The fallen-out fur turns into individual hairs in no time and gets to our cars, furniture, clothing, and to some extent- to our foods! Especially if you have babies at your place, excessive shedding from your puppy can be a very risky affair.

Now, don’t get us wrong, shedding is a normal and natural part of any dog’s life, mostly because it helps them grow new and cleaner hair. Researchers say at least half of all the dog breeds in the world shed in a moderate amount, to say the least.

That being said, if your dog seems to shed a bit too much – it might not be good news. You need to keep your dog in a separate place for a while and consult a vet to reduce the shedding. We can help you with this.

But Why Do Dogs Shed So Much?

Truth it, dogs shed due to many different reasons, including allergies, change of season, and others. Let us point out every single reason for your dog’s shedding!

Seasonal Shedding

Many dog breeds tend to grow thick coats in winter, and when spring comes, they lose them as a means to regulate their body temperature. Sudden hot/cold spells can also cause this. Unless your dog is missing patches of fur, it should be natural, mostly in spring.

Shedding Based on Nutrition

Not all dogs are okay with random pet foods, some are sensitive to certain ingredients, and some might not get enough nutrition from the food it gets, hence maintaining healthy coats for dogs get difficult.

So, if professionally formulated food isn’t provided to the dog- it might shed a lot. The lesser its human food intake gets, the better.

See also:  Do Dogs Get Period Cramps? They May, But It's Different from Human Periods

Parasites/Fungi-based Shedding

This is quite the common shedding scenario, as fleas, mites, and ticks in your dog’s hair can result in excessive hair loss. The symptom on the dog’s skin also speaks for itself if it’s affected by parasites.

Fungi-induced ringworm can cause irregular shedding, whereas hair fall in the stomach and chest regions means that it’s a parasite-based attack. In most cases, using antifungal shampoos and other drugs prescribed by the vet should do.

Allergy-based Shedding

Dogs tend to develop allergic reactions to most kinds of irritants. They tend to shed when it takes medications that don’t suit them. Many common environmental stimuli like mold, pollen, dust mites can cause this. Food allergies coming from consuming beef, dairy, corn, soy, or chicken also can result in excess shedding.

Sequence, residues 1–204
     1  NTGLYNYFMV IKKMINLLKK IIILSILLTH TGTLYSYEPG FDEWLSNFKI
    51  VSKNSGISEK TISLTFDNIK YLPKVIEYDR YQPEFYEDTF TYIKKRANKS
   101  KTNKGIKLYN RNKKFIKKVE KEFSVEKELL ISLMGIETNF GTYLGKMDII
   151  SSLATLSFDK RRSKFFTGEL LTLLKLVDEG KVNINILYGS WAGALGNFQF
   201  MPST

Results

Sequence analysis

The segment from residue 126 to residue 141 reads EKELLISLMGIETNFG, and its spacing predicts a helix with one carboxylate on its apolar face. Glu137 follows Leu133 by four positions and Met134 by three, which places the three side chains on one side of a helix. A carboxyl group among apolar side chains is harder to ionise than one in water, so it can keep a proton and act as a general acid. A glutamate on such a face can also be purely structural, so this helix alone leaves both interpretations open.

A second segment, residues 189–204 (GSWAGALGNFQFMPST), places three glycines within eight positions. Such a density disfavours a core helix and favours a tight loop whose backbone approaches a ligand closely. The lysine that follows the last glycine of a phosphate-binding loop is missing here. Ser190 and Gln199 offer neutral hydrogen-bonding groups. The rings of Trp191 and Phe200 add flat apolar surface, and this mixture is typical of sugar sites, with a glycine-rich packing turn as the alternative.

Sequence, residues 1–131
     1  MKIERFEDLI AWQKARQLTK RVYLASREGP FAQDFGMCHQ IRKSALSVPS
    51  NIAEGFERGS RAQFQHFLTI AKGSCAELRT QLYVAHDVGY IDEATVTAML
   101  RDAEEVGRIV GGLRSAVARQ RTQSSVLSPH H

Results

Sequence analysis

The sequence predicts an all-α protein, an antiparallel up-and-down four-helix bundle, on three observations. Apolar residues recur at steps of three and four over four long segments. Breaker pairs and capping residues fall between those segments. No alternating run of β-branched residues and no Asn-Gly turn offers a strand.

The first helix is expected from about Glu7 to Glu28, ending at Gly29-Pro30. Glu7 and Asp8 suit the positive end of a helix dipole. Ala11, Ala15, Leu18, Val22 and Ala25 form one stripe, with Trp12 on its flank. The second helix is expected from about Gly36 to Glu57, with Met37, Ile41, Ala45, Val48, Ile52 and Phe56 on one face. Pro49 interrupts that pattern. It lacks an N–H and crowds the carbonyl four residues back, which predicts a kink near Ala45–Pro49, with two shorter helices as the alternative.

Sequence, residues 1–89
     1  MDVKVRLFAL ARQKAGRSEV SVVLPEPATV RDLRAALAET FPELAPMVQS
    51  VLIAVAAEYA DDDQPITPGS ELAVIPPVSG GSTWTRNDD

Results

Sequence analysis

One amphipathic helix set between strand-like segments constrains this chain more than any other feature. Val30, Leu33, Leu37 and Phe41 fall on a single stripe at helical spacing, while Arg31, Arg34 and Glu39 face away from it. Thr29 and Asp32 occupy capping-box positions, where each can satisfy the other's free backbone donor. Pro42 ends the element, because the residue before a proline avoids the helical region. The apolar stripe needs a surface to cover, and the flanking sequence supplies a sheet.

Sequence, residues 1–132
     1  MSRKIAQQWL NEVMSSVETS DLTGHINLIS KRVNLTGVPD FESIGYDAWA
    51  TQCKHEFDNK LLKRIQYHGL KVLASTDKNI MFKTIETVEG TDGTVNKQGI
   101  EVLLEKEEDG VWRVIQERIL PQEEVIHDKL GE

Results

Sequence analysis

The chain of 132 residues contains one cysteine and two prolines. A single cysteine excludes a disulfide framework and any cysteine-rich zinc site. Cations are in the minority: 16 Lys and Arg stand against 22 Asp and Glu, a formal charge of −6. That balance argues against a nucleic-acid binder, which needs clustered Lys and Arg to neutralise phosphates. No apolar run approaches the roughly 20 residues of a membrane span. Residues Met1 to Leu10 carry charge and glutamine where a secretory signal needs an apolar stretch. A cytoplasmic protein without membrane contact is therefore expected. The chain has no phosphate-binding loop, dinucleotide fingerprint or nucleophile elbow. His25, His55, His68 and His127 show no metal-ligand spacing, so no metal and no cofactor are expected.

Pregnancy/Stress-based Shedding

It might be the case that your dog is losing hair because she’s pregnant, running short of different minerals like calcium, and hence, she’s unable to keep her coat healthy. This might go on during or after the birth of a pupper. Another reason can be that your dog is under a lot of stress due to environmental changes.

Illness/skin Trauma-based Shedding

If your dog has some sort of terminal illness like issues with kidney, liver, adrenal or thyroid, or even cancer- it could result in excessive shedding in dogs. Skin traumas like sunburn or getting close to irritating or toxic materials might also make your dog shed or loose hair.

How to Stop My Dog Shedding Too Much?

In many cases, it’s natural. Having your dog’s hair all around the house can be a bit annoying, but if your dog sheds seasonally, then there’s not much to worry about. However, if you want to reduce shedding, you should follow the steps we’ll be describing now:

Check If It’s Just a Normal Shedding

First things first, it can be just a seasonal shedding. If you have one of Bernese Mountain Dogs, Boston Terriers, Corgis, Chow Chows, German Shepherds, Labrador Retrievers, Newfoundlands, or Siberian Huskies- then it’s very natural that your dog will lose some hair in spring.